As growing demand from emerging markets fuels the women’s watch arena, brands are courting female customers with increasingly sophisticated offerings.
Long limited to quartz or battery-powered watches, women’s ranges are now expanding to include mechanical pieces as technical as anything available to their male counterparts.
“There’s a whole trend of women wearing some of the styles that normally a man would wear,” said Fflur Roberts, head of global luxury goods at Euromonitor International.
“Watches in general are seen as an investment as opposed to maybe a bag, which is fashionable for a season, or some very trendy piece of clothing. They’re looking to buy something that holds its value,” she added.
RenA[c] Weber, analyst at Vontobel, said that although it is hard to quantify the absolute value of watches bought by women since they also purchase timepieces designed for men, women now buy an estimated 20 percent of all mechanical watches sold worldwide, versus 15 percent five years ago.
“In Europe or the U.S., there was not a lot of interest in mechanical movements from the women’s side, but now, as Asian markets, and especially China, get more important, they also have an interest in mechanical movements,” he said.
Looking ahead, Weber expects to see strong growth in timepieces embellished with diamonds. “Again, this is also driven by Asian demand,” he said. “The women’s watches will on the one hand feature more mechanical movements, and there will also be more offerings in terms of diamonds.”
It’s no accident that when Omega unveiled its Ladymatic range, its most important launch of 2010, it picked Shanghai as the location.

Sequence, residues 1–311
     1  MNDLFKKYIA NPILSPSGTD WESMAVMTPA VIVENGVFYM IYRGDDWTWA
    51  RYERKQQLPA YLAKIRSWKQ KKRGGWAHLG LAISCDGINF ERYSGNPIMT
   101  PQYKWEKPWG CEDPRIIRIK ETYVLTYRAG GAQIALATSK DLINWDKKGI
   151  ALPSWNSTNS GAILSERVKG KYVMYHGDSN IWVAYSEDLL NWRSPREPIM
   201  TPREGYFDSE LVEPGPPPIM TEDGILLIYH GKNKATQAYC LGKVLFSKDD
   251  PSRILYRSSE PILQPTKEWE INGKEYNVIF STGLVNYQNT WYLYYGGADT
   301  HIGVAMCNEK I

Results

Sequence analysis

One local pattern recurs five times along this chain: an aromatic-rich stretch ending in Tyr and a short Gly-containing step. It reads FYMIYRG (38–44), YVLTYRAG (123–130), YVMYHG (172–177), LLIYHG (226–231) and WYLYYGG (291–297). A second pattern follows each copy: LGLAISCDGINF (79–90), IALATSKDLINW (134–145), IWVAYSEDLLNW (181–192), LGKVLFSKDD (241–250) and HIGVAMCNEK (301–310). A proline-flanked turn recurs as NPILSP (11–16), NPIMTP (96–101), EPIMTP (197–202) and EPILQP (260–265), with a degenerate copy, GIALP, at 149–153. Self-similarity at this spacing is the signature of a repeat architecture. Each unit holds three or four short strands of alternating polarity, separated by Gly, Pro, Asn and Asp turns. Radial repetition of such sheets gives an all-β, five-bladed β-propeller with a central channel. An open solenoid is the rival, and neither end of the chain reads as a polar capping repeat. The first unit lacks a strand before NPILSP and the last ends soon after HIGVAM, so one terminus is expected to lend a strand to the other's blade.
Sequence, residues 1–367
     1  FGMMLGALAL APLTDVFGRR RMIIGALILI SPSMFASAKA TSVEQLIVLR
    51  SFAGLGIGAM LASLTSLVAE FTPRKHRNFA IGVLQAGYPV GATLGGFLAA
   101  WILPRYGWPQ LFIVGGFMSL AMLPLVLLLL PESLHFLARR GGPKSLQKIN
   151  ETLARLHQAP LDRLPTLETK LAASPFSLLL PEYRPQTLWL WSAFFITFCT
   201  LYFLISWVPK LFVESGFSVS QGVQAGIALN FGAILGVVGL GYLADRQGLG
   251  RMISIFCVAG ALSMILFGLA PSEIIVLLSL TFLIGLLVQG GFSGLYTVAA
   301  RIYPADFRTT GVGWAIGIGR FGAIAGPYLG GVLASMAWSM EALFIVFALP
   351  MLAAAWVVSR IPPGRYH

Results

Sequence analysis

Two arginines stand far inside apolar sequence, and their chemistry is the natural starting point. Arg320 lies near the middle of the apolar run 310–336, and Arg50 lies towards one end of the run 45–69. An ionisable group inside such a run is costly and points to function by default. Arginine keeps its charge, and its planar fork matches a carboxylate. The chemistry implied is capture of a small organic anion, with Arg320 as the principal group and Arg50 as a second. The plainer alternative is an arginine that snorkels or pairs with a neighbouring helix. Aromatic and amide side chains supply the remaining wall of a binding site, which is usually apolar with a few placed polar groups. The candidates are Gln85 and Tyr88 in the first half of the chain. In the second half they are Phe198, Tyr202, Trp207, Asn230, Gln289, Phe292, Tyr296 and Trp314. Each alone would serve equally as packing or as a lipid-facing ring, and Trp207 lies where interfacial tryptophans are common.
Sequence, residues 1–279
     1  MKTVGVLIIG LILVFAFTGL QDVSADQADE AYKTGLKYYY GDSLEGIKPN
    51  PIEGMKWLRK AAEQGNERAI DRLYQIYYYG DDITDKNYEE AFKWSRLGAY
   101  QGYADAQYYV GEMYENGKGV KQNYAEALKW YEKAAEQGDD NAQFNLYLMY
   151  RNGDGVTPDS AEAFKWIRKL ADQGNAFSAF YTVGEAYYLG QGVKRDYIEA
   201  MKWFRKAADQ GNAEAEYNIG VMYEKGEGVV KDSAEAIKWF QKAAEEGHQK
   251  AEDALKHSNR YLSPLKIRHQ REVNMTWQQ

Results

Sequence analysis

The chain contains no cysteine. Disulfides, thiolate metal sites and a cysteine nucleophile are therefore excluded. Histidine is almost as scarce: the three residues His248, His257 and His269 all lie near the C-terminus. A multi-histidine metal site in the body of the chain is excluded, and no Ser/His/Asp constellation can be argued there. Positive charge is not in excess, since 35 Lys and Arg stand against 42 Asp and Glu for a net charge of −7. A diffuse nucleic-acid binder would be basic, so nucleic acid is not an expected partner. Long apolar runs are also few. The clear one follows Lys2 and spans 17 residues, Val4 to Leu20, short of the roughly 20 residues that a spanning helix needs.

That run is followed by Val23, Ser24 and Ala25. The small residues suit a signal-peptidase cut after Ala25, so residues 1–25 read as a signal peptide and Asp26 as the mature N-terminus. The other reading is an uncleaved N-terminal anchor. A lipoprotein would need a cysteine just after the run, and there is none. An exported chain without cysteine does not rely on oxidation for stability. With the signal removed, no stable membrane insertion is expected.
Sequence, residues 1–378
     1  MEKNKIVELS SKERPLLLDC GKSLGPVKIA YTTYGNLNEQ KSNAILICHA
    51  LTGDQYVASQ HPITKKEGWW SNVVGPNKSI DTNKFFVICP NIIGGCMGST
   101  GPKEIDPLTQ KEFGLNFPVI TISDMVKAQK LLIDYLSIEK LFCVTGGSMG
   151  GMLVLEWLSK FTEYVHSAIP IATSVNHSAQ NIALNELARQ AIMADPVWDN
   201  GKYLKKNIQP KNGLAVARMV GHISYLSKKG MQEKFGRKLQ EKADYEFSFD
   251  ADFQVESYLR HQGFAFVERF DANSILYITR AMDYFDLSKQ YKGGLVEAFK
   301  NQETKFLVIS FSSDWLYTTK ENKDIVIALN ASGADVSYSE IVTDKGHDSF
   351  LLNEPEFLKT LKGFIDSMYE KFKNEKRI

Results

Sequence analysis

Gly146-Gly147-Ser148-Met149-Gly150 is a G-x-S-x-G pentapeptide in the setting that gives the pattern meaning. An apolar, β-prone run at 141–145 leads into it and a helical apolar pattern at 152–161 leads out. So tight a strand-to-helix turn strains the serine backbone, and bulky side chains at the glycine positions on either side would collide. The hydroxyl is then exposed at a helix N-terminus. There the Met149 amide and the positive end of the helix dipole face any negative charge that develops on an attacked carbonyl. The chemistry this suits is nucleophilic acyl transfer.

Omega chief executive officer Stephen Urquhart said the line, which uses Omega’s patented Co-Axial escapement technology, reflected “a growing awareness among women that there is more to a watch than its appearance.”
The Ladymatic ranges in price from $6,400 for a model with a steel case and leather strap, to $36,800 for the version with a gold bracelet and diamond bezel.
“I think this is the first time ever, and I say this in all modesty, that a brand has brought a watch to the market that states, with great substance, that a woman can buy a watch with a movement as good, durable and reliable as the best men’s watch out there,” Urquhart said.
Patek Philippe, whose grand complications take up to 18 months to deliver, is also expanding its women’s offerings. Among the novelties it presented at the Baselworld watch fair last March was a ladies’ wristwatch with minute repeater, which retails for 350,000 Swiss francs, or $381,556 at current exchange, and a ladies’ split seconds chronograph, costing 435,000 Swiss francs, or $473,393.
“The demand is there and it will not stop,” said Patek Philippe chairman Thierry Stern. “For me, it’s logical, it was not a surprise. Why should [women] always wear a quartz movement? It’s stupid to think like that. I would say it’s old-fashioned.”
Others said that while they were taking note of the phenomenon, they did not expect growing demand for mechanical watches to reshape the women’s segment.
“It’s in the infancy stages. We are getting ready, but we think there is going to be a gradual change,” said Philippe Leopold-Metzger, ceo of Piaget. “We are convinced that women will continue to be interested in the concept of jewelry watches, and in decorative pieces over performance.”